The Meeting Hold the meeting –Script (introduce, confirm disciplinary, confirm right to be accompanied, confirm allegations, discuss allegations, go through evidence and ask for employees side / explanation) –Prepare any specific questions –Probe and ask questions. Challenge any inconsistencies, gather information –Take minutes during the meeting
The Meeting - After Investigate further if required (and present any new evidence to the employee before you make a decision) Make a decision based on your ‘belief’ of what happened considering all the facts Confirm decision in writing –Summarise what was discussed –Confirm sanction –Confirm any support, retraining or review dates –Confirm right to appeal Example letter
The Appeal An employee should confirm the reasons for wanting to appeal A different (and generally more senior) person should hear the appeal Set a time and date, confirm the right to be accompanied Ask the employee to present their appeal – why they believe the decision was wrong Ask questions, probe, challenge inconsistencies Be prepared to carry out further investigation (if so you may need to present this to the individuals before making a final decision) Confirm decision in writing
The Procedure FOR EACH WARNING Investigate (know you facts / investigative meeting) Invite to meeting (confirm allegations, right to be accompanied, enclose details) Hold meeting (take notes / minutes) (investigate further if required) Confirm decision in writing (and provide copy of minutes and reason) Appeal
Making a Claim If an employee makes a claim the disciplinary procedure will be scrutinised All documents will be included in the ‘bundle’ including: –How you investigated and the evidence gathered –Letters (invite to meeting and appeals, decision) –Notes from meetings The procedure will be challenged as a dismissal can be found to be unfair if the correct procedure is not followed.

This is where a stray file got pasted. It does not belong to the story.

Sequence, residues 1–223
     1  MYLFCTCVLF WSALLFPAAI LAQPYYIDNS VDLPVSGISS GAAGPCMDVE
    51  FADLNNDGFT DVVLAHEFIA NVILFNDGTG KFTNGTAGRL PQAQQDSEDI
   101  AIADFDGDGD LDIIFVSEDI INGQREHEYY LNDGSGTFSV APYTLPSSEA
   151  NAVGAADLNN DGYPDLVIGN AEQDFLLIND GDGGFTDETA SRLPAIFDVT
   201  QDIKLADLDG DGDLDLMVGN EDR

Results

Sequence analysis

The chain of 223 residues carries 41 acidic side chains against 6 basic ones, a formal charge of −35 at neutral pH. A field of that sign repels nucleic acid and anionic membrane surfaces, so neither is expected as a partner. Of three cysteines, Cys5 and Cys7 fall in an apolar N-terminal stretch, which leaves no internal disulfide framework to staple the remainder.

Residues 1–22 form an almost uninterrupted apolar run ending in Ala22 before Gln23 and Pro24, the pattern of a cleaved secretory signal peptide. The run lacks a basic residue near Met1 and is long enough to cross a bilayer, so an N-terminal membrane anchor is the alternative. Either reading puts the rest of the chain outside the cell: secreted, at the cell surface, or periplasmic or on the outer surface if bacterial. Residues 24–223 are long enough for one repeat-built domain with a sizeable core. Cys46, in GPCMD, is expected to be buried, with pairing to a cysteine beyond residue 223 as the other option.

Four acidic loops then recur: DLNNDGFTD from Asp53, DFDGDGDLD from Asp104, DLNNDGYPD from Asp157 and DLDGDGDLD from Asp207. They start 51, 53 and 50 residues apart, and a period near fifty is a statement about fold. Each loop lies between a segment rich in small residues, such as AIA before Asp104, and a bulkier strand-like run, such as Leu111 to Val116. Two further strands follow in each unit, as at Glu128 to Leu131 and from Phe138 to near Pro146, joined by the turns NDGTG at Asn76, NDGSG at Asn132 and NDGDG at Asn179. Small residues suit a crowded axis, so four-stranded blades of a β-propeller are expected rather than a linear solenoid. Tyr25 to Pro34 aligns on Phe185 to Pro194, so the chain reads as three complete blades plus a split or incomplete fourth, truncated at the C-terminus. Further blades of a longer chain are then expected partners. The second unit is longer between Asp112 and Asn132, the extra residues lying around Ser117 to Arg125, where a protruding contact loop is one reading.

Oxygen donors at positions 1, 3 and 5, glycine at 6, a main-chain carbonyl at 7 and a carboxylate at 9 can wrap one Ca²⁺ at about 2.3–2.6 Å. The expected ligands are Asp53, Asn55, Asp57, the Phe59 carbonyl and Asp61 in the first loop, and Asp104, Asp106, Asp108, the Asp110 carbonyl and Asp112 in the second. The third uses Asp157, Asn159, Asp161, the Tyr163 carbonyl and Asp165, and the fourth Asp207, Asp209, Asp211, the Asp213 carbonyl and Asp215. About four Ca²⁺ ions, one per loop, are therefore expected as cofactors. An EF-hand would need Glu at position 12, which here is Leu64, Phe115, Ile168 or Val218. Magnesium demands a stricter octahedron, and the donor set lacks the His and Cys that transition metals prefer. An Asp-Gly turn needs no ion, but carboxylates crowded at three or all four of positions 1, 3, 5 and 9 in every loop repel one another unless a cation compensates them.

What makes a dismissal Substantively fair One of the biggest defences is “I didn’t know, I wasn’t told” The employee must be aware of the possible consequences of their conduct / poor performance / capability. You can communicate this in your disciplinary procedure (what is gross misconduct) and in policy documents. If the conduct is not listed (in disciplinary procedure) as being a dismissible offence – it is likely to be seen as unfair to dismiss the employee – as they did now know it was serious enough (substantive enough) to warrant dismissal! Disciplinary Procedure – Gross Misconduct Policy Documents – Gross misconduct
Examples and Scenarios What situations are you currently facing?
Summary Following a ‘fair’ procedure will –Protect you –Save you time and money (in the long run) –Ensure you act fairly –Send a clear message to employees (maintain standards etc) Investigate, investigate, investigate Never dismiss on the spot – as you need to investigate! If in doubt suspend – and then investigate!